StoryShot #9: Become Uncommon Amongst Uncommon
After completing the Badwater 135, Goggins was passionate about completing more races. He would enter himself into multiple ultra-running races monthly. As with many aspects of Goggins’ life, he was thrown a curveball. During one of his races, Goggins noticed an irregular heart rate. A trip to the hospital revealed a lifelong condition: a hole in his heart. The condition is a serious one and deprives the body of oxygen and can lead to sudden death. For the past decade, Goggins had been training as a Navy SEAL, putting his body through the impossible. Miraculously, his condition hadn’t killed him.
David Goggins emphasizes the importance of responding well to the curveballs that life throws at you. Despite all his setbacks in life, Goggins was one of only 36 African-Americans to become a Navy SEAL. He was one of the only prolific African-American ultra runners at the time. Goggins described this journey as him becoming uncommon against uncommon. He had become the best of the best. But, after identifying this irregular heartbeat, Goggins had to find another way to push himself. The next challenge would provide him with a world record. Specifically, Goggins read about the world record for the most pull-ups in 24 hours. The record at this time was 4,021, which meant he had to complete five pull-ups a minute for more than 12 hours. After training for this world record attempt, Goggins was able to break the record on January 20th, 2013.
The key takeaway here is that you should find your way of becoming uncommon, for example, being the first person in your family to go to college. Then, become uncommon against uncommon by excelling in this uncommon position.
StoryShot #10: Callous Your Mind By Experiencing Pain
Our culture has become hooked on quick fixes and life hacks. Although these hacks might occasionally bring success, they will limit your self-mastery. So, if you want to master your mind, you have to become addicted to hard work. Passion, obsession, and talent are only useful if you have the work ethic to back them up. Goggins suggests that you callous your mind. ‘Callousing’ your mind involves intentionally exposing yourself to discomfort and pain. Instead of settling for less than your best, Goggins recommends finding ways to callous your mind to get the hard but rewarding work done.
StoryShot #11: Stop Making Excuses For Yourself
Goggins was destined for a life of depression, chronic pain, and PTSD after childhood. Despite this, he managed to overcome these obstacles by working hard and committing himself to achieve his goals. Goggins started as a clinically obese cockroach exterminator who could hardly read. He got up early, worked hard to lose weight, became knowledgeable, and trained as a Navy SEAL. Goggins explains you have to stop making excuses for yourself. Having a family to look after or a demanding job is part of life rather than an excuse.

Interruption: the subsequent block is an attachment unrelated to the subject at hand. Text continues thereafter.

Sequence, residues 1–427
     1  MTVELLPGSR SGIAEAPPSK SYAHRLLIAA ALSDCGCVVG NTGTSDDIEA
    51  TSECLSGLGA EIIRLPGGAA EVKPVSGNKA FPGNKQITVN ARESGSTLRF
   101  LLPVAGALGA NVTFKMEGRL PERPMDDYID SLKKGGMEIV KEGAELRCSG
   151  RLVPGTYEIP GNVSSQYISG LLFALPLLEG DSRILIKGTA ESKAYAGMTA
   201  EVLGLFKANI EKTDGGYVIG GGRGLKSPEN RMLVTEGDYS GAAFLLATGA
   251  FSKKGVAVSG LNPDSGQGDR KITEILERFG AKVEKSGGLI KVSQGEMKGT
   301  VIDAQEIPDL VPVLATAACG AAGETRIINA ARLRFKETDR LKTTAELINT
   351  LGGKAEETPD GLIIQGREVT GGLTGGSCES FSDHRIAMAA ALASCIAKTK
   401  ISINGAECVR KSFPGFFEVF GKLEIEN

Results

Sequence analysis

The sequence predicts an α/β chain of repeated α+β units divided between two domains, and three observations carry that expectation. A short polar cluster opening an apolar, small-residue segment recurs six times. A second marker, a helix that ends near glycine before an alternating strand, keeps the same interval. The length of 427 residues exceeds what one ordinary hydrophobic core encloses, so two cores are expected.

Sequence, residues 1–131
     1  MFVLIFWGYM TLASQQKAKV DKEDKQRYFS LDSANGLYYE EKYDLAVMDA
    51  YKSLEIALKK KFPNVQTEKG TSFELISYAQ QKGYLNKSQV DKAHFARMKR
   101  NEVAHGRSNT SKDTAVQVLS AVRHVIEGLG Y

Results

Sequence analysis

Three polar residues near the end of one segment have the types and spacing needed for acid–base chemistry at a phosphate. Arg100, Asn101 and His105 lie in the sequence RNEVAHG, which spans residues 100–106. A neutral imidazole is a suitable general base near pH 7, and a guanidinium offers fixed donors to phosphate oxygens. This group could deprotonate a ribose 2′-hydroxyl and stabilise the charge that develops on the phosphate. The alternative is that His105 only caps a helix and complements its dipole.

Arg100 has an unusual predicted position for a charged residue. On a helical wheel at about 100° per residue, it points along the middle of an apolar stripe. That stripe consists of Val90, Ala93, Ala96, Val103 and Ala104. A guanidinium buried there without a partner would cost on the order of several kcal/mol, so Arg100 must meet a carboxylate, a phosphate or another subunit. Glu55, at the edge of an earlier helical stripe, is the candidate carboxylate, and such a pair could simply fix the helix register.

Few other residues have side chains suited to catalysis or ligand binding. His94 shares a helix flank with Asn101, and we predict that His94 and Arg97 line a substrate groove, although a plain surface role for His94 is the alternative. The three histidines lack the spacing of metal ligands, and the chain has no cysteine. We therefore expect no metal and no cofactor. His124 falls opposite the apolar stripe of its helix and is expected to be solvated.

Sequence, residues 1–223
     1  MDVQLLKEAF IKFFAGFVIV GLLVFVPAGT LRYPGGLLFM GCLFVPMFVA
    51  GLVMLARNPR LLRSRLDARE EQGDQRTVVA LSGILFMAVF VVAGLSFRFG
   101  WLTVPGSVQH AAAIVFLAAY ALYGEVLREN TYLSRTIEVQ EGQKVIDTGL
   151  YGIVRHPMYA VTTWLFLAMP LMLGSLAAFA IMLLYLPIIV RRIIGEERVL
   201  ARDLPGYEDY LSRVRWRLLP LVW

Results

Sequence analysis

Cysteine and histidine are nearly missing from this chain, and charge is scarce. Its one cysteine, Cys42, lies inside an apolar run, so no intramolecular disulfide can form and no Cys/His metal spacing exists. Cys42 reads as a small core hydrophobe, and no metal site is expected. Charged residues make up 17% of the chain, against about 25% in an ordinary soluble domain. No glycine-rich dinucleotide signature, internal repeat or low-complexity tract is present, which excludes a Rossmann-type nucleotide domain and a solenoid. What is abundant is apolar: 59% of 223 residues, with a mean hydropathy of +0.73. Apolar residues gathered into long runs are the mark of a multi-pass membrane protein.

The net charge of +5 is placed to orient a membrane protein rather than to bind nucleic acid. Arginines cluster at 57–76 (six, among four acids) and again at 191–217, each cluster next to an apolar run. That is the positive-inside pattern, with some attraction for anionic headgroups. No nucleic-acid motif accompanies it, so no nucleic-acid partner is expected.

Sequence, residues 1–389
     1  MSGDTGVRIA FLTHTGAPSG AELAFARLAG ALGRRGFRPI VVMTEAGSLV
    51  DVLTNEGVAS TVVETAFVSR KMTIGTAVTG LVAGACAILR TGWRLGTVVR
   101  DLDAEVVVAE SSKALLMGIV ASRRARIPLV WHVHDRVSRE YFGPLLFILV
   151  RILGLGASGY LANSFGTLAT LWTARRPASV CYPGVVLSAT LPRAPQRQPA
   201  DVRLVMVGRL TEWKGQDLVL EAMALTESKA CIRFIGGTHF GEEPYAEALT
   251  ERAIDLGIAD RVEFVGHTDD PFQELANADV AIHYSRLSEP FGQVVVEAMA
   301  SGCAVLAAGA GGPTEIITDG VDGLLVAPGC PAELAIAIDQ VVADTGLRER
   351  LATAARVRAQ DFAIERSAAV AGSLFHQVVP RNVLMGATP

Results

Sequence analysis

StoryShot #12: The Morning Is the Most Crucial Part of the Day
Goggins describes the morning as the most crucial part of the day. If you can win the morning, then you can win the day. Typically, Goggins will get up at 4 a.m. Then, he goes on a six-to-ten mile run. He usually gets back from his run at 5:15 a.m. and will shower, eat breakfast, and get ready for work. Goggins cycles 25 miles to work and arrives at his desk by 7:30 a.m. During his lunch break, Goggins will either have a gym session or go for another six-mile run on the beach. Then, he cycles back home after work. Each day without fail, Goggins will have cycled 50 miles, run ten miles, and worked a nine-to-five job. This routine shows that you can always find time to make positive habits part of your life.
In addition to working hard and getting things done, Goggins also recommends taking everything one step further. For example, instead of stopping long-distance running once you have run a marathon, you should be thinking about the next accomplishment. For example, run another marathon and improve your time. If you become satisfied with your accomplishments, then you will stop moving forward.
Final Book Review and Analysis of Can’t Hurt Me
David Goggins experienced a traumatic childhood that impacted his adult life. Though, he did not let these traumatic experiences define him. Instead, he worked hard and utilized clear goals to become outstanding. He recommends that you create your own accountability mirror so you can become uncommon against uncommon. This might not mean you will break the pull-up world records or run 100 miles, but he believes that all your wildest dreams are possible through hard work, commitment, and remembering the 40% rule.
We rate this inspiring book 4.7/5.